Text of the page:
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  8. Fletch (6,154 comments) says:

    Obama also cheated, which always helps…

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  9. Viking2 (11,286 comments) says:

    The Obama campaign used data to divide voters into three categories. Those who were not worth pursuing who were left alone, those who were moderate supporters who might donate if asked and those who were strong supporters who might become activists adicts.
    There fixed that.

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  10. scrubone (3,090 comments) says:

    Ed Snack: good comment.

    Indeed, the election was not so much won by Obama but lost by Romney. Obama won not because he was a great candidate but because he managed to convince just enough people that Romney would be worse. Romney’s problem is that he didn’t take the smear tactics seriously enough, soon enough and develop effective counters.

    But the biggest problem was the media. Right in the middle of the campaign, you had the Benghasi disaster where on Obama’s watch people died horrible deaths with US millitary might within helping distance but told to return to base. Here’s a modern watergate and the press reaction? It’s not important.

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  11. BlairM (2,307 comments) says:

    The whole thing still strikes me as a great tragedy. Made all the worse because it didn’t have to be that way, and it was a lot closer of an election than the media and bare electoral college figures would suggest.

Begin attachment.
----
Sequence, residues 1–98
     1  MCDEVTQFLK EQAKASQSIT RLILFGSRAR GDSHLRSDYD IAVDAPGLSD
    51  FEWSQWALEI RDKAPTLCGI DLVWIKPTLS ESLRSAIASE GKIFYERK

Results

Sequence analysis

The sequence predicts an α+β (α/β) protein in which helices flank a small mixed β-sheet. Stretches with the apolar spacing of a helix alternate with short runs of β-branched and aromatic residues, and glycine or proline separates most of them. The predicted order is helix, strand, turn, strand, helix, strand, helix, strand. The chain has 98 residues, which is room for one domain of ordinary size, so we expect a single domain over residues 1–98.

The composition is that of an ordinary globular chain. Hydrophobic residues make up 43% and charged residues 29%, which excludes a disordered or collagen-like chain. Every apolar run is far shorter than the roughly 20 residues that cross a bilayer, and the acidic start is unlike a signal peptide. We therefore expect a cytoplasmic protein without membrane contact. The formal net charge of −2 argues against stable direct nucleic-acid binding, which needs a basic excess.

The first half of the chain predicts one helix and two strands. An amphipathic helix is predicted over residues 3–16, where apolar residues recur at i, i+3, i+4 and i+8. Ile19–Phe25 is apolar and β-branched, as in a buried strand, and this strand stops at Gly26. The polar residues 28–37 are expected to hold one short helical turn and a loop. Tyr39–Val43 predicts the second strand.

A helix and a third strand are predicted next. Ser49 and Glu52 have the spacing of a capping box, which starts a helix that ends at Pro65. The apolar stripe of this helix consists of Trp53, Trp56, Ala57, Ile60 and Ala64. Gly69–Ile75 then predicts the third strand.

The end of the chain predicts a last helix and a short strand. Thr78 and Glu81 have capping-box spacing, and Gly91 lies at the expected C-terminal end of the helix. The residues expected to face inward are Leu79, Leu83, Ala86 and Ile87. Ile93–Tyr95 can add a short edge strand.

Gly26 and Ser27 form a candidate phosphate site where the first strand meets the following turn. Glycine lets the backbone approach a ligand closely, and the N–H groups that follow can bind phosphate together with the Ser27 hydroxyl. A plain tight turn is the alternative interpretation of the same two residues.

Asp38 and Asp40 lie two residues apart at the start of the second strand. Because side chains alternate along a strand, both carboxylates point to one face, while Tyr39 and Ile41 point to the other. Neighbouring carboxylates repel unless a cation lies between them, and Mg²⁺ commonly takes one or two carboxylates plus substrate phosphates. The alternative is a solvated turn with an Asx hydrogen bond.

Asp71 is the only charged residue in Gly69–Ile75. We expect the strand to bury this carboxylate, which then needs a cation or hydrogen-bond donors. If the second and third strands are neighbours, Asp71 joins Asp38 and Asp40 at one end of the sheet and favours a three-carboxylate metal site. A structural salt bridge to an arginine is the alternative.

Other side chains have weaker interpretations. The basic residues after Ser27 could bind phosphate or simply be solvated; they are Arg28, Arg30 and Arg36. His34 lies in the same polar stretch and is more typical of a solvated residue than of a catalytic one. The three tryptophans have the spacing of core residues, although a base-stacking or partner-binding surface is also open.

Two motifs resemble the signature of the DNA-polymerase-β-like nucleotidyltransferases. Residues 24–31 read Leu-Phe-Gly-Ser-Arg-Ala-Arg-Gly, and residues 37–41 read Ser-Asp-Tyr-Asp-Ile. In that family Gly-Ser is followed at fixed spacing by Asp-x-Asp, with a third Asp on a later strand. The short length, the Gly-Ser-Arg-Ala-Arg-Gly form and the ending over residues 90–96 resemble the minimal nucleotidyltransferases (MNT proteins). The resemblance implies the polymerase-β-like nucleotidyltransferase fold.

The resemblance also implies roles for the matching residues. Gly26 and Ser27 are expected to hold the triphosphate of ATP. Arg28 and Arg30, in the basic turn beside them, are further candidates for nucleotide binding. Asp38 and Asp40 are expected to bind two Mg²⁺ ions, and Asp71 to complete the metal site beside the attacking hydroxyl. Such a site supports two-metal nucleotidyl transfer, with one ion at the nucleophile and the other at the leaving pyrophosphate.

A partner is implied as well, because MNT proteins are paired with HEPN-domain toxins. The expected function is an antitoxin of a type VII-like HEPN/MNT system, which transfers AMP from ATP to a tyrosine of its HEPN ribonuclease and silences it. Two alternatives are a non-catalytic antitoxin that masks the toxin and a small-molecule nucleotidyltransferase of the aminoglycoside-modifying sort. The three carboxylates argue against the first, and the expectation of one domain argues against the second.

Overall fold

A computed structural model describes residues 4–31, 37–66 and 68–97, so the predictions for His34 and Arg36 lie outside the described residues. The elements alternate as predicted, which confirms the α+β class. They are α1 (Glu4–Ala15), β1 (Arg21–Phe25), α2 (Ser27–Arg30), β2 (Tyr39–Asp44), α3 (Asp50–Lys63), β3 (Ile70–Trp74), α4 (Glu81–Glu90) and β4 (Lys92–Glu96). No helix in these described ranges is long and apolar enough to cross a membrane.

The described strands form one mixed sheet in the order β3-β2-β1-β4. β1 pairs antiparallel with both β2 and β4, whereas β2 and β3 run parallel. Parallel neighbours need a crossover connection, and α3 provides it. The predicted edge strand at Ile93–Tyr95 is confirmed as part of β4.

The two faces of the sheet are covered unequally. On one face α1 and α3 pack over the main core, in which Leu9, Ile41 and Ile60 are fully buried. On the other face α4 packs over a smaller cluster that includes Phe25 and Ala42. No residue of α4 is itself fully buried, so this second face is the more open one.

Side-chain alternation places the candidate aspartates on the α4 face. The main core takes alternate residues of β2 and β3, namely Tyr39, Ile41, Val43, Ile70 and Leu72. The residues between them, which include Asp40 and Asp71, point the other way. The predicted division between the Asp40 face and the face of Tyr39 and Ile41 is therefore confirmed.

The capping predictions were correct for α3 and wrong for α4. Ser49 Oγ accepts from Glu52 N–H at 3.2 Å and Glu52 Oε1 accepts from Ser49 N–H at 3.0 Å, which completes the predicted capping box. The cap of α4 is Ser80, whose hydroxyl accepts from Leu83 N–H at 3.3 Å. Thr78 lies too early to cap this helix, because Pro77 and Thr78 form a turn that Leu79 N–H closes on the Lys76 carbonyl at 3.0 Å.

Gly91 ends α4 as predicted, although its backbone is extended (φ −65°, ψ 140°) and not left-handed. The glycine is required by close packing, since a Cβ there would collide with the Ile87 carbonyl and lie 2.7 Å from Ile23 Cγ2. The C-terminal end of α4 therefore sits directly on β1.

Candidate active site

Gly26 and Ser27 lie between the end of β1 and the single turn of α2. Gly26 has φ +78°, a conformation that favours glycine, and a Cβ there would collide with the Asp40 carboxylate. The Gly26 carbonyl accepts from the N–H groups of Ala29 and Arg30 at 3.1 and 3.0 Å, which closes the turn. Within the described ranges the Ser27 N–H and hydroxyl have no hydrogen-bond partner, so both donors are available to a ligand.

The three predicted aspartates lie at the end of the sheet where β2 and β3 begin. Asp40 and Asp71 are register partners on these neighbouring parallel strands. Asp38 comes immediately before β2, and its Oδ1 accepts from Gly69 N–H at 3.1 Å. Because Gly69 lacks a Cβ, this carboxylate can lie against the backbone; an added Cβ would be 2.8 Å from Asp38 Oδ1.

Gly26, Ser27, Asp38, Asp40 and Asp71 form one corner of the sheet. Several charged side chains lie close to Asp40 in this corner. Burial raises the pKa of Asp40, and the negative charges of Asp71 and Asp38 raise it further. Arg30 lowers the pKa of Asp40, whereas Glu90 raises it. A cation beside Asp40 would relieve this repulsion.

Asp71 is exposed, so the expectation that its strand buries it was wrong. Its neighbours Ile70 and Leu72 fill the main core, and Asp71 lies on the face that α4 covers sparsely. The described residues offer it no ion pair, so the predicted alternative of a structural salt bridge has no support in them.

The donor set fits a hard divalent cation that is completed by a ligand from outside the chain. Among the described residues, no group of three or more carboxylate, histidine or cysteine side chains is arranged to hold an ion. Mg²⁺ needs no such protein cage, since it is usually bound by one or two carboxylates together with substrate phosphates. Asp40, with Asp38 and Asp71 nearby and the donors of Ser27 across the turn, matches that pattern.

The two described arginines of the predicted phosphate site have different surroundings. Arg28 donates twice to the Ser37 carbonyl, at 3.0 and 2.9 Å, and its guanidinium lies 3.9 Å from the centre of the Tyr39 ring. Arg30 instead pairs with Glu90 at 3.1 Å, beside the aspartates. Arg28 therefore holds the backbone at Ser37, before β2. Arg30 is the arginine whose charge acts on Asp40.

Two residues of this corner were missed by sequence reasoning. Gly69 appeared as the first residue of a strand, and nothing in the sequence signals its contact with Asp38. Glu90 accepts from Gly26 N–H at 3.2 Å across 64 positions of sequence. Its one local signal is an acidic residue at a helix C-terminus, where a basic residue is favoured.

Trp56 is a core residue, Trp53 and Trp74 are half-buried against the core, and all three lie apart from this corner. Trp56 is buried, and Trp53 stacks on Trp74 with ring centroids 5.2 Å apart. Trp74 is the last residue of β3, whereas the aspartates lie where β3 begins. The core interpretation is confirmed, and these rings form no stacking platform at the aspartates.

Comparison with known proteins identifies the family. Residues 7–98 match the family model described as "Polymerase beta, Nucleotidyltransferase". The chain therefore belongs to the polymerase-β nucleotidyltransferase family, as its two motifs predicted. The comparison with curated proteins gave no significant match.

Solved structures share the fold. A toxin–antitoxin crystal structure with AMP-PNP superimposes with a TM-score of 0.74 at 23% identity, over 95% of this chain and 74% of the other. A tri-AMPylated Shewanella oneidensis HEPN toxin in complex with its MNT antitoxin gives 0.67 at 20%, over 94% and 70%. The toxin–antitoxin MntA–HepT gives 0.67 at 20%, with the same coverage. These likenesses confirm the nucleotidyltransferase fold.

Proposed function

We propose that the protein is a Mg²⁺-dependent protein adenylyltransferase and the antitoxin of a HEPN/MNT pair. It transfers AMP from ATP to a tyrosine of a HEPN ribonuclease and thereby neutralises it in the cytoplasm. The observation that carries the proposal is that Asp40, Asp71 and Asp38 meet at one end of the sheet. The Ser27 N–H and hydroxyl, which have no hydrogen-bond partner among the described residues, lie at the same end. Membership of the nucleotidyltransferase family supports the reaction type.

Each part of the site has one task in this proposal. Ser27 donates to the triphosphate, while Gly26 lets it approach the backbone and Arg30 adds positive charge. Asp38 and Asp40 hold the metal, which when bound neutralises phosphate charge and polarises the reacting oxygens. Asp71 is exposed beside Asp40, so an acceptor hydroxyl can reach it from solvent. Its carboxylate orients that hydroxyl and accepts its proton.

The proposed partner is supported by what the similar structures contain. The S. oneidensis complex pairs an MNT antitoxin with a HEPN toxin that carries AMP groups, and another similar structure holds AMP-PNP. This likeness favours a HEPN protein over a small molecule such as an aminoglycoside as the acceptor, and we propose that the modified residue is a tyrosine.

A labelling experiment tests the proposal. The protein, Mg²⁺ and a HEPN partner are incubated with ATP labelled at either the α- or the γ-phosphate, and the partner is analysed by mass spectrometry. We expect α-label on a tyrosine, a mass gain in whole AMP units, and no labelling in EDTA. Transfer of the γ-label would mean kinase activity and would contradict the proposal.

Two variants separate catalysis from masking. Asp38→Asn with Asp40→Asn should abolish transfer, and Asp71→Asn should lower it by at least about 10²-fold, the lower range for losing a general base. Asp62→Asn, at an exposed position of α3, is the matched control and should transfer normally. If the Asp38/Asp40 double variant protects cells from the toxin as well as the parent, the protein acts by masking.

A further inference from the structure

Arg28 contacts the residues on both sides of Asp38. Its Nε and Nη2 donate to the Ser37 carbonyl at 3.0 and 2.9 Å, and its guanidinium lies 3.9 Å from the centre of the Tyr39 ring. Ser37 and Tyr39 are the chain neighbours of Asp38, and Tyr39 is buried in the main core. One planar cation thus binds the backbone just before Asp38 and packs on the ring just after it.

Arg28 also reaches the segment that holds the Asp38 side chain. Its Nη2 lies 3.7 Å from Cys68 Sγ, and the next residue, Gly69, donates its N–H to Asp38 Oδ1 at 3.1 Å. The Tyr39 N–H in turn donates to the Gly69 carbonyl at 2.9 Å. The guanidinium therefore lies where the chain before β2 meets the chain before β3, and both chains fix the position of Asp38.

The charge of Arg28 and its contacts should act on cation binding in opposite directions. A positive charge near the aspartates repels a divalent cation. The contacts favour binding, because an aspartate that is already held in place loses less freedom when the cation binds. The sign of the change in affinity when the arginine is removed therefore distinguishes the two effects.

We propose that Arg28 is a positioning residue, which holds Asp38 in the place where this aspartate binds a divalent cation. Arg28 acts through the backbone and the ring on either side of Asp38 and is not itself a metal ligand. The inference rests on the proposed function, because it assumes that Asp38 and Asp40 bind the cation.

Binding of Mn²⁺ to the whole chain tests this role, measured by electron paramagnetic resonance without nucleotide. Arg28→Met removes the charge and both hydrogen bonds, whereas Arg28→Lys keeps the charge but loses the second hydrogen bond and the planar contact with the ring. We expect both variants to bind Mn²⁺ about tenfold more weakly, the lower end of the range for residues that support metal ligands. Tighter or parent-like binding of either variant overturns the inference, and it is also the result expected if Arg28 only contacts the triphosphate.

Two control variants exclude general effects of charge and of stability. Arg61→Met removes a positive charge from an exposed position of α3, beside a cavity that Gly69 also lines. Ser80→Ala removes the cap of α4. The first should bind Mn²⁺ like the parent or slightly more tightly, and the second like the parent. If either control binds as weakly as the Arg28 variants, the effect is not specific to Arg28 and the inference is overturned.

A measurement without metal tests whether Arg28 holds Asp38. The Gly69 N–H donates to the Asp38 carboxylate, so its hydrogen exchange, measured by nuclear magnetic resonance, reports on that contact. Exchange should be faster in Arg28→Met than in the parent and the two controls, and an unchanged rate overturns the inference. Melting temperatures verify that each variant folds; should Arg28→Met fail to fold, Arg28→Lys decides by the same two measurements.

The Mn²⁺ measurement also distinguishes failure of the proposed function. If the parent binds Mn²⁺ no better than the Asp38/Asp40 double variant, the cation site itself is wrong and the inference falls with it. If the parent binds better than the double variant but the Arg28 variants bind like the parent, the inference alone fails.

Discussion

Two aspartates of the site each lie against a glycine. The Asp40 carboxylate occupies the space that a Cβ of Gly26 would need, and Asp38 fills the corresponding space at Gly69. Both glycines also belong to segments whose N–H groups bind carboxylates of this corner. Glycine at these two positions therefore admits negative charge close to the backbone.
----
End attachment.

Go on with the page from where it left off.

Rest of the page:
I disagree that Romney lost because he campaigned badly. He ran the best campaign he could have – it was a very Reaganesque campaign. If he’d run that campaign in the 1980s, he would have carried 49 states, unfortunately he ran it in 2012. Obama won because he ran a campaign like nobody else has ever seen. He got a bunch of people to the polls than normally don’t vote in large numbers – minorities and young people (If the franchise age was 30, Obama would have lost). He figured out that he could run a crazy, hate-filled, demagoguing ultra-left campaign and it would still work because that’s what would get those voters out there, and it worked for him. Completely counter-intuitive. Is it any wonder that Romney, Fox News, and everyone on the Right thought they were going to come through, and wouldn’t believe the polls?

    The GOP has a bigger problem than that, in that elections are no longer fought on substance, candidate quality and character, or policies. This is the American Idol era. People voted for Obama because of how he made them feel about themselves, even if those feelings were completely divorced from reality. I don’t see it as a reflection on him at all – he’s not this dangerous potential dictator or anything, but his supporters scare me. It’s like a personality cult, and if you start talking about his actual policies and actions, it’s akin to heresy. I often wonder if this is how Hitler happened. Did people just start loosing perspective and construct themselves an idol?

    How do you fight that? How do you campaign against that? I’ve no idea. It’s like Weimar Germany. Politics itself is failing us. I only pray that history doesn’t continue to repeat itself.